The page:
Thursday, June 1, 2017

The Carmichael Show

   Most of the television shows I routinely watch like Homeland and Billions are on hiatus.  I went to Hulu to find something good that I might have missed.  I stumbled onto The Carmichael Show.  I have seen the first few episodes of Blackish but it wasn’t my cup of tea.  I thought The Carmichael Show wouldn’t be too.  I decided to see the pilot episode.  I was hooked!  

   I love the characters, the politically conscientious Maxine, the childish mama’s boy Bobby, the street smart Nekeisha, the religious mother Cynthia and their down to earth father Joe.  In the middle of them all is the independent son Jerrod.  Each one has an opinion to defend about controversial issues.  Some arguments are so unique I marvel at the talent of the writers.  Here are some of the social issues they discuss.

    1. Feminism;
    2. Their pastor admitted to watching porn;
    3. Cheating spouses – there’s an income bracket for cheaters, those earning $50K or less are definitely not cheating, those earning $50K to $100K are thinking of cheating but wouldn’t do it, $100K to $500K are definitely cheating and for $500K to 1 million the wife knows the mistress by name.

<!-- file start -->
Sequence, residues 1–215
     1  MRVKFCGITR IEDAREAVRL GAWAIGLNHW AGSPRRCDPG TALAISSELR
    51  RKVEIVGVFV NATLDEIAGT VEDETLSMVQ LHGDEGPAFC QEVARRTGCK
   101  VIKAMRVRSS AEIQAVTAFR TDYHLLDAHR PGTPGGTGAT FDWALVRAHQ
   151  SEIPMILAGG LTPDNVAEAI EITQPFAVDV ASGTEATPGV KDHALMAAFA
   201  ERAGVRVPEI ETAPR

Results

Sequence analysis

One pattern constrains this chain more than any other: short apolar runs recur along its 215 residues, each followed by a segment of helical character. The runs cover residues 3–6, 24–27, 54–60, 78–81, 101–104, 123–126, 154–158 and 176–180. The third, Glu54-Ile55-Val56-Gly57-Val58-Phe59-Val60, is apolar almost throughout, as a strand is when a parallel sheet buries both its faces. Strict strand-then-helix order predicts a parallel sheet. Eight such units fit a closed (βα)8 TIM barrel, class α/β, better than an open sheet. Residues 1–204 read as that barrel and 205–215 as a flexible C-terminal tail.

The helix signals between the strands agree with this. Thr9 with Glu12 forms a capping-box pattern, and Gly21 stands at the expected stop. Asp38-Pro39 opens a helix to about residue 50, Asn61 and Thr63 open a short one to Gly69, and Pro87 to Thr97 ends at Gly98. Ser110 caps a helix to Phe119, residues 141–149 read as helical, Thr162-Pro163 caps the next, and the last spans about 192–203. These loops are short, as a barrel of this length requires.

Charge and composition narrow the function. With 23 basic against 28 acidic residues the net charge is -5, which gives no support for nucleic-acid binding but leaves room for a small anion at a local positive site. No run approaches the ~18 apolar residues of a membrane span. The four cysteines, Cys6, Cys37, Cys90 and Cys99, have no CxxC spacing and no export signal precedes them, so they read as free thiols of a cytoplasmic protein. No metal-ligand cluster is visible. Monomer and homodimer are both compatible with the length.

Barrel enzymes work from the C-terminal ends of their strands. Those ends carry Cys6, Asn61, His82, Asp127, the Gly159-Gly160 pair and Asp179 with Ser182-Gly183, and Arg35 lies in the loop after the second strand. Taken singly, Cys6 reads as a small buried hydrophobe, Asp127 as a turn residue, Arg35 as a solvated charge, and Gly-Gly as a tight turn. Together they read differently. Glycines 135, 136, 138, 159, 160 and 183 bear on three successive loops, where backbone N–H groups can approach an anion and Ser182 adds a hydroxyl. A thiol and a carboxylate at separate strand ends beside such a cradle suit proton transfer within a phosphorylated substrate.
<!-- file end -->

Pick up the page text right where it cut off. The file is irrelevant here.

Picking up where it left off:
4. The Muslim family who just moved in next door;
    5. Maxine’s rich Dad buying her independence and integrity with $10K;
    6. Joe’s down to earth opinion about slavery, a touchy subject in any show.  He basically said if the slavery hadn’t happened they’d be in Africa now waiting for the advertised “a few cents a day” donations to feed Africa.
    7. Gentrification of black communities is an issue I have not heard much about from the media.  In Austin, Texas, the black population is concentrated on the city's east side from the segregation of 1928.  
In Louisville, Kentucky, it’s called West End.  In Portland, Ore., 53% of black neighborhoods have been gentrified, in Washington, D.C. 51%, in Minneapolis, Minn. 50%, in Seattle, WA. 50%, etc.

   The episode entitled Guns, tackled gun ownership and the American culture that finds security in keeping a gun at home.  Police have their gun holsters on their side.  Civilians tuck it in the back so it’s not bulging obvious.  In this episode, Jerrod’s comfortably tucking his gun in and out of his belt behind him reminded me of Reb who used to do the exact same thing.

   I must admit there’s something very wrong with me watching Jerrod and fondly remembering a man wearing a gun like an accessory.

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